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Gold Star families spend Memorial Day in National Capital Region

Behind every Gold Star pin you see a surviving family member wearing is a story of loss and strength.

That is the heart of the message a group of Gold Star families brought to Washington, D.C., Memorial Day weekend.

“I think it’s important to be at the point that you can talk about it because it’s never going to go away,” said Donna Engeman, the Army’s Survivor Outreach Services program manager and Gold Star wife of Chief Warrant Officer 4 John Engeman, who was killed May 14, 2006, by an improvised explosive device in Baghdad, Iraq.

During an interview with the families at the Capitol May 27, Engeman’s pin was attached to her shirt directly above her heart. On a chain around her neck were her husband’s dog tags and wedding band.

“We’re not going to let our enemies, they are not going to take us down, too,” said Engeman, who works at Fort Sam Houston, Texas. “We’re not going to do that. The pain is always there, but this is part of who we are now. It’s learning to live for that, and for me it’s constantly looking for something positive.”

The Army’s Installation Management Command launched an awareness campaign earlier this year with a series of public service announcements aimed at educating Americans about the pins. The PSA’s first aired during this year’s Super Bowl.

“Some of the folks don’t actually know that they’ve qualified for the pin, so we’ve received a number of inquiries as a result of seeing the PSAs,” said Pierre Laxa, chief, marketing account management for IMCOM. ”Also they can learn more about the services that are available for survivors through the Army’s Survivor Outreach Services.”

Annie Cox, Gold Star wife of Staff Sgt. Nathan Cox, who was killed in action in Korengal Valley, Afghanistan, Sept. 20, 2008, said the pins are designed to represent the loss of a loved one in support of the nation. Although the pins program has been in existence for decades, many Americans are unfamiliar with their significance and meaning, she said.

“This is a way to honor his legacy,” Annie explained.

Laxa explained there are actually two Gold Star pins. The Gold Star lapel button, which features a gold star on a purple background, is presented to immediate family members of servicemembers who lost their lives during any armed hostilities in which the United States is engaged dating back to World War I. This pin is congressionally mandated.

The lapel button for next of kin deceased personnel features a gold star within a circle of oak sprigs and is presented to family of servicemembers who have lost their lives while serving honorably from circumstances other than those identified for the Gold Star lapel button. This includes relatives of servicemembers who lost their lives while assigned to a Reserve or National Guard unit in drill status and is authorized for issue retroactive to March 29, 1973.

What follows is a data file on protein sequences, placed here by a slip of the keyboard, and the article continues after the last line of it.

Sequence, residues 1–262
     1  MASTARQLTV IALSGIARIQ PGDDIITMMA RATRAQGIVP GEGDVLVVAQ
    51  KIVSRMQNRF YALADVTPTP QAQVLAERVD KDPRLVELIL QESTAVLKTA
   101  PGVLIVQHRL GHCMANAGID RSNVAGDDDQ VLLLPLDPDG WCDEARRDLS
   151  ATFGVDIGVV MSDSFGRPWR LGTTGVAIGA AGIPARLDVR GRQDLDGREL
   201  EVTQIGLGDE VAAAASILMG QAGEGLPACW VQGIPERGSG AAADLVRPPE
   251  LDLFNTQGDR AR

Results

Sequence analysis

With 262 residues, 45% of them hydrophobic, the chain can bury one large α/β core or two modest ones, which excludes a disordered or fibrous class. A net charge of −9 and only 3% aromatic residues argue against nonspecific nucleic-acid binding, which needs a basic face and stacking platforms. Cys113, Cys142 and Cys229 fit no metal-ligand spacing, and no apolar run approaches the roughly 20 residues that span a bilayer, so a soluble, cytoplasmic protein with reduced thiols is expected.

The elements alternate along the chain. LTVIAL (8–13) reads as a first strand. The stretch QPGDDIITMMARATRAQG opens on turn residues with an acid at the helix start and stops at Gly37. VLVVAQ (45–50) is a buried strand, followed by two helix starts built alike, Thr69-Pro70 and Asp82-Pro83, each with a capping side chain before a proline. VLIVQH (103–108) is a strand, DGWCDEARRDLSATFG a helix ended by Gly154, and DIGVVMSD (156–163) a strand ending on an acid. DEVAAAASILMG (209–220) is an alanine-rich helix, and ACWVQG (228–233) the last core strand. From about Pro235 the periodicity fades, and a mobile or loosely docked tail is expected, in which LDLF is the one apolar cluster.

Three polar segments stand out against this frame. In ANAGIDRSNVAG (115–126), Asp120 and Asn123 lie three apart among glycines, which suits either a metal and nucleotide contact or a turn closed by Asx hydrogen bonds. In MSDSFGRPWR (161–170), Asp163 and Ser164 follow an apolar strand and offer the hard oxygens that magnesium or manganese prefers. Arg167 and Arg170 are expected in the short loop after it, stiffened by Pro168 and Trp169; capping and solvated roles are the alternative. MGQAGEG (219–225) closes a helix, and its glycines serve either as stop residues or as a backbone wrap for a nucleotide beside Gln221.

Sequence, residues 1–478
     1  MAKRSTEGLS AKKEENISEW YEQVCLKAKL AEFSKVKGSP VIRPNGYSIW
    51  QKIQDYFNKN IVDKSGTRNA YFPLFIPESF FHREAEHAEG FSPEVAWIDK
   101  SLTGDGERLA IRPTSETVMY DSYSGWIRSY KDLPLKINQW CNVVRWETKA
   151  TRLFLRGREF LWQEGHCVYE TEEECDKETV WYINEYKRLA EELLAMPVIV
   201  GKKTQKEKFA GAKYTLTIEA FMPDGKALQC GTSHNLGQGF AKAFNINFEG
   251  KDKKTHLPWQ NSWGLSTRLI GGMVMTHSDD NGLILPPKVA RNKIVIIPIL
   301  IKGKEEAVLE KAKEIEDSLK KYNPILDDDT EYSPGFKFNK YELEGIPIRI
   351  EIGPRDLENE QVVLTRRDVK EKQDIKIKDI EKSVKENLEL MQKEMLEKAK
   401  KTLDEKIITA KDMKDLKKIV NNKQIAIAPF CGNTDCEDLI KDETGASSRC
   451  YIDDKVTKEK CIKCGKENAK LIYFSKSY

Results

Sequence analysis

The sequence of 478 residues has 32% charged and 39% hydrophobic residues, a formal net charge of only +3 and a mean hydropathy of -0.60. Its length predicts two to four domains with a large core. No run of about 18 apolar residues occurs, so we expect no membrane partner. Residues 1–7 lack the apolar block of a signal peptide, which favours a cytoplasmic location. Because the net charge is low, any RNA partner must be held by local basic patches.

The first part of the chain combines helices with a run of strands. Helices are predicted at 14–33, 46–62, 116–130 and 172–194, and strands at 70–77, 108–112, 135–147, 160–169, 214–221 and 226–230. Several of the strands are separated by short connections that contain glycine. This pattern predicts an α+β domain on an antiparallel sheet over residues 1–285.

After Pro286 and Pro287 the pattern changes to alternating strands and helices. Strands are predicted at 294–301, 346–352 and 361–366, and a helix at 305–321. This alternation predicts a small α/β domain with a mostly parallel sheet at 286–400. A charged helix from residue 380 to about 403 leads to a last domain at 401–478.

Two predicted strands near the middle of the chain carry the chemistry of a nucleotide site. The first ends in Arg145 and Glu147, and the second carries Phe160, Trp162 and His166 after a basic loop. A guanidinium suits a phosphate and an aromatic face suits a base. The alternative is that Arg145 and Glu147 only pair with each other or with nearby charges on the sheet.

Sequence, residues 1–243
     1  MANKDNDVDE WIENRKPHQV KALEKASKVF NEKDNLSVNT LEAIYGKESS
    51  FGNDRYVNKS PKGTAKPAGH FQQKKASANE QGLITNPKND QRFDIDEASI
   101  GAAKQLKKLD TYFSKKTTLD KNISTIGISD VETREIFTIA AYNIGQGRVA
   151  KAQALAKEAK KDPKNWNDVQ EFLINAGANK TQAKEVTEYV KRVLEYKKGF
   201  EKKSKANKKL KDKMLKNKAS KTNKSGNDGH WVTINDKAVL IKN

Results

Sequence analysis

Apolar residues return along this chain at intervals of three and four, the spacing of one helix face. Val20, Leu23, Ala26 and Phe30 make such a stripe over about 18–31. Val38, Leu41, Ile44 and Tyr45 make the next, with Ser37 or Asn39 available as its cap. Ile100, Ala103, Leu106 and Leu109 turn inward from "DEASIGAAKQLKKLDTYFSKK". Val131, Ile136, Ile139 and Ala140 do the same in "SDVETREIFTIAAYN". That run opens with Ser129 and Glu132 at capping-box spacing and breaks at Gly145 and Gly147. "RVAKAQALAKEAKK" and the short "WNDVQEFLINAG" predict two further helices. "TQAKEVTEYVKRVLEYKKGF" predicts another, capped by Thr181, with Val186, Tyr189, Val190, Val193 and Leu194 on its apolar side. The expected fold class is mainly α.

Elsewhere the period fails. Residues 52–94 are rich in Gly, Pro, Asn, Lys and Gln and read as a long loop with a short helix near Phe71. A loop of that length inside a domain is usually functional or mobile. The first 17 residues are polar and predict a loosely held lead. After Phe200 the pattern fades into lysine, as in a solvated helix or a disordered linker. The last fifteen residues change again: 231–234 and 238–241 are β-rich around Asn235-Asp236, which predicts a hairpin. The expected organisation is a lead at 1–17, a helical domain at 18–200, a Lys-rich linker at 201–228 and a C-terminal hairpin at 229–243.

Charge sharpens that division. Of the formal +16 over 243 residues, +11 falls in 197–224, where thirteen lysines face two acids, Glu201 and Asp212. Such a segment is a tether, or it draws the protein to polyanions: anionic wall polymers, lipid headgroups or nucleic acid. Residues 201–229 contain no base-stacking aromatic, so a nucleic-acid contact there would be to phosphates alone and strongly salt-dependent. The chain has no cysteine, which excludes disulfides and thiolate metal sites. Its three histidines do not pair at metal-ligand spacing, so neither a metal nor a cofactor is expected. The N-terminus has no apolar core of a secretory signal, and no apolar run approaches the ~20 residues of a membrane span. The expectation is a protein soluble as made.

“It’s a tremendous step forward to increase awareness and to honor those who continue to serve, despite the loss they have in their own family,” said Laxa.

Phil Warman, Gold Star husband of Lt. Col. Juanita Warman, who was killed in the Fort Hood, Texas, shooting Nov. 5, 2009, said being able to wear the next-of-kin pin keeps him connected to the Army family.

“She had just been there for a few hours when he [Maj. Nidal Hussein] walked into the [readiness] center and started shooting,” the Havre de Grace, Md., resident said of the incident that took his wife’s life.

Army Regulation 670-1, which took effect March 31, authorizes Soldiers who have lost an immediate family member in combat to wear the Gold Star Lapel Button on the Army service and dress uniforms.  The regulation defines an immediate family member as a spouse, mother, father, stepparent, child, stepchild, sister, stepsister, brother, stepbrother or a person in loco parentis [acting in place of a parent].

While in the National Capitol Region, the families participated in the Rolling Thunder motorcycle rally which raised awareness for Prisoner of War/Missing in Action issues; a wreath laying ceremony at Arlington National Cemetery; took in a Washington Nationals game and the National Memorial Day parade; and toured the Capitol and met with their elected representatives.

For additional information about Gold Star pins, visit For additional Memorial Day coverage, see pages 8-9.